Background. Group C meningococcal conjugate-vaccine effectiveness in the United Kingdom declines from ∼90% in the first year to 0% between 1 and 4 years after immunization in infants immunized at 2, 3, and 4 months of age and to 61% in toddlers given a single dose. Confidence intervals are...

  • Mengivac (A+C).  // Royal Society of Medicine: Medicines;2002, p351 

    The article presents information on the Mengivac (A+C) which is a proprietary, prescription-only preparation of a vaccine that is used to give protection against the organism meningococcus Neisseria meningitidis groups A and C, which can cause serious infections such as meningitis. It is...

  • Vaccine Preventability of Meningococcal Clone, Greater Aachen Region, Germany. Elias, Johannes; Schouls, Leo M.; De Pol, Ingrid van; Keijzers, Wendy C.; Martin, Diana R.; Glennie, Anne; Oster, Philipp; Frosch, Matthias; Vogel, Ulrich; Van der Ende, Arie // Emerging Infectious Diseases;Mar2010, Vol. 16 Issue 3, p464 

    Emergence of serogroup B meningococci of clonal complex sequence type (ST) 41/44 can cause high levels of disease, as exemplified by a recent epidemic in New Zealand. Multiplication of annual incidence rates (3.1 cases/100,000 population) of meningococcal disease in a defined German region, the...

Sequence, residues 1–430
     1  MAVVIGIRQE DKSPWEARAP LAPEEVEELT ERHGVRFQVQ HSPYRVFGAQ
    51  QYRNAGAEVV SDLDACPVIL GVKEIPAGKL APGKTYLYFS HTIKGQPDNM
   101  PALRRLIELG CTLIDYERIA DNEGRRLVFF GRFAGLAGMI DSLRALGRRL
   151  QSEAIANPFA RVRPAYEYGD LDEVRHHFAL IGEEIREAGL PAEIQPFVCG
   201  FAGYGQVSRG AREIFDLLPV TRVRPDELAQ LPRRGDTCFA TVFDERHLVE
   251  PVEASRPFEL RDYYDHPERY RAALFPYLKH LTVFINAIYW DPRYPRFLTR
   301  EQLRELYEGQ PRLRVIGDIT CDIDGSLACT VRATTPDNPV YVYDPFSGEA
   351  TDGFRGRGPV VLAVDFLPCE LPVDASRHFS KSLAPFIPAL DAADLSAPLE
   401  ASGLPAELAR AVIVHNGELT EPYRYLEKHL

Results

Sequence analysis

• The Meningococcal Vaccine Candidate Neisserial Surface Protein A (NspA) Binds to Factor H and Enhances Meningococcal Resistance to Complement. Lewis, Lisa A.; Ngampasutadol, Jutamas; Wallace, Ruth; Reid, Jane E. A.; Vogel, Ulrich; Ram, Sanjay // PLoS Pathogens;Jul2010, Vol. 6 Issue 7, p1 

    Complement forms an important arm of innate immunity against invasive meningococcal infections. Binding of the alternative complement pathway inhibitor factor H (fH) to fH-binding protein (fHbp) is one mechanism meningococci employ to limit complement activation on the bacterial surface. fHbp is...

Share

Read the Article

Courtesy of THE LIBRARY OF VIRGINIA

Sorry, but this item is not currently available from your library.

Try another library?
Sign out of this library

Other Topics